Pius XII said in a speech on April 18, 1952 that a child studying Catechism would understand these things. He condemned situation ethics [which is] not based on the universal moral laws, such as the Ten Commandments, but on “real and concrete conditions or circumstances in which one must act, and according to which the individual conscience has to judge and choose.” He reiterated that a good end can never justify evil means (Romans 3:8) and that there are situations in which man, and especially the Christian, must sacrifice everything, even his life, in order to save his soul. In the same sense, John Paul II’s encyclical Veritatis Splendor affirms that circumstances or intentions, by their end, can never change an intrinsically-dishonest act into a subjectively-honest one, quoting Saint Augustine (Contra mendacium): fornication, blasphemy, etc. which even if accompanied by good intentions, are always sins.
Question: What to do then?
Answer: We cannot renege the words of Christ: “Whosoever shall put away his wife and marry another, committeth adultery against her. And if the wife shall put away her husband, and be married to another, she committeth adultery.” (Mark 10: 11-12). Professor Spæmann, a German philosopher and friend of Benedict XVI, remarked that anyone capable of thinking can see that there is a rupture. I do not think we can simply offer an interpretation of Chapter 8 of the Exhortation that would act as if nothing has changed. We should also take seriously the Pope’s speech on the plane bringing him back from Lesbos, endorsing the presentation of the text by Cardinal Schönborn. But by itself, the theological proposition made is clear. Duty to the truth requires us to say that it is not acceptable. Not any more so than tacked-on proposals such as those which maintain that the ideal of marriage is realized in de facto unions of the divorced and “remarried”, “at least in part, and by analogy.” (No. 292).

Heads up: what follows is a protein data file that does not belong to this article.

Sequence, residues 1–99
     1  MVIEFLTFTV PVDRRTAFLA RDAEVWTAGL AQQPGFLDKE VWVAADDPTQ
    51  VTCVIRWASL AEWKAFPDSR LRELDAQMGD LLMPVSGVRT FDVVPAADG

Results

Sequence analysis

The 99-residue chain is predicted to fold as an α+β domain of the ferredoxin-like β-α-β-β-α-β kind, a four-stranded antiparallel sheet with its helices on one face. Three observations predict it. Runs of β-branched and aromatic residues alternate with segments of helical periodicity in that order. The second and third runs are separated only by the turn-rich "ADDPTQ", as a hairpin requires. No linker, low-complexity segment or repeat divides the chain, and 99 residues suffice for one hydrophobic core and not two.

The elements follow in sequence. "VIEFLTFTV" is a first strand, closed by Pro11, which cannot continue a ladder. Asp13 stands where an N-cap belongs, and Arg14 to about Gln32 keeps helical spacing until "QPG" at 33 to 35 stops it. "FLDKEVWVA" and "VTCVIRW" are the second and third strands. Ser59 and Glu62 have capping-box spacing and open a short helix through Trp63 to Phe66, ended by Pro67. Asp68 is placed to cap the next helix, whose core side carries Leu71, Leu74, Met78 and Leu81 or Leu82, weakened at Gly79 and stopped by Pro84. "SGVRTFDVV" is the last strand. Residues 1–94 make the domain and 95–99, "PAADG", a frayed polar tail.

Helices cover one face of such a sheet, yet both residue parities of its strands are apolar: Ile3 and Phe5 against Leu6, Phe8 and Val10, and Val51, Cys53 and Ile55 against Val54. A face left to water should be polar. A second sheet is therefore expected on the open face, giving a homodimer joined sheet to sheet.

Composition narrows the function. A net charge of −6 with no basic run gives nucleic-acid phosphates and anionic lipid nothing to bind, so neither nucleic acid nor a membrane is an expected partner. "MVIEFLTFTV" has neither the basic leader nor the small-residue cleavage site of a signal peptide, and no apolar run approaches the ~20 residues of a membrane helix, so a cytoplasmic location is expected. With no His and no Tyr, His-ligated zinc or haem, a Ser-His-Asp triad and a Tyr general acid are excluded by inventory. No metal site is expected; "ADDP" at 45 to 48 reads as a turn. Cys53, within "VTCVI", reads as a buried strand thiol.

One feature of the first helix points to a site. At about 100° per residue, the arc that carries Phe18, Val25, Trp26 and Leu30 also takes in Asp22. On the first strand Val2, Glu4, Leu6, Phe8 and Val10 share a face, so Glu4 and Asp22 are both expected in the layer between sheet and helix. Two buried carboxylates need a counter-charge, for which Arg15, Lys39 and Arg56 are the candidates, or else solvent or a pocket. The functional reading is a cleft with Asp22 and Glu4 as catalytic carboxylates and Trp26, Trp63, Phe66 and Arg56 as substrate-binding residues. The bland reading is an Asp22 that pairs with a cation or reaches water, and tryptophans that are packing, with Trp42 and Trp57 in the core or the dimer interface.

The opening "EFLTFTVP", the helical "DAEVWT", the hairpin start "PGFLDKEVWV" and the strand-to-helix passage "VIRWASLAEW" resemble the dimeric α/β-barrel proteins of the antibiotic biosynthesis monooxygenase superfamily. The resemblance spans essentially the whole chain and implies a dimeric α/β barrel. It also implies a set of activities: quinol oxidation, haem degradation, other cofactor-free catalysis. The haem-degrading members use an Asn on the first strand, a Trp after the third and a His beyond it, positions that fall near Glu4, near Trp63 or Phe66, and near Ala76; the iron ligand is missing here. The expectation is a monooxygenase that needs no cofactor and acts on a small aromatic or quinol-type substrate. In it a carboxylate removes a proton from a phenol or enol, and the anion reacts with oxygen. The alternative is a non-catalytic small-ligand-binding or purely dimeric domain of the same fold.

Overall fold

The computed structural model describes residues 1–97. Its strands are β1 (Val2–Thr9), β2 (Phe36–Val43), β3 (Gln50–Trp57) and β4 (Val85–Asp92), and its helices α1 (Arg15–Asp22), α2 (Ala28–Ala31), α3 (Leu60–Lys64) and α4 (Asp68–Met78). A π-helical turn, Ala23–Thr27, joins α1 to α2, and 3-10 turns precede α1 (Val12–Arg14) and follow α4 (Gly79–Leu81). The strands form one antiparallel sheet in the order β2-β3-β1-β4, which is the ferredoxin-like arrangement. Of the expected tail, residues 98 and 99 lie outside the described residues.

It is hoped then, in the strict sense of theological hope, that numerous pastors, bishops and cardinals, will speak clearly, for the salvation of souls.
On the other hand, one could wish, ask for, call for an authentic interpretation – in the sense of an interpretation of the deposit of (Divine) Revelation, and understood according to the natural law attached to it – by the infallible Magisterium of the Pope or the Pope and the Bishops united to him, the Magisterium which discerns and affirms that which is true, and in rejecting that which is not in the name of the Faith. It seems to me, that we enter today, 50 years after Vatican II, a new phase of the post-conciliar era. We had seen with certain passages of texts on ecumenism and religious liberty, a dam give way, which we had believed to be extremely set in place; that of ecclesial and theological Roman, Magisterial teaching. Another dam was created, to resist the tide of modernity; that of natural and Christian morality, with Paul VI’s Humanae Vitae and all the documents of John Paul II on these topics. All of this has been called the “restoration” according to the words in Joseph Ratzinger’s interview on the Faith, largely constituted on those foundations laid for the defense of marriage and of the family. Everything is flowing now, as if this second dam was in the midst of giving way
Question: Some may accuse you of being overly pessimistic…
Answer: On the contrary. We are living, I think, a decisive moment in the history of the post-conciliar era. The long-term consequences of what is happening now are difficult to predict, but they will be significant. But I am certain that they will be positive, in the end. First, of course, I am sure of the Faith, because the Church has the words of eternal life. But also, speaking very-practically, because the need for a return to the Magisterium, to the Magisterium as such, will emerge more and more, in the outlooks of those who necessarily want to plan for the future. .
Translated from the French for Catholic Family News by Nelson Hertel.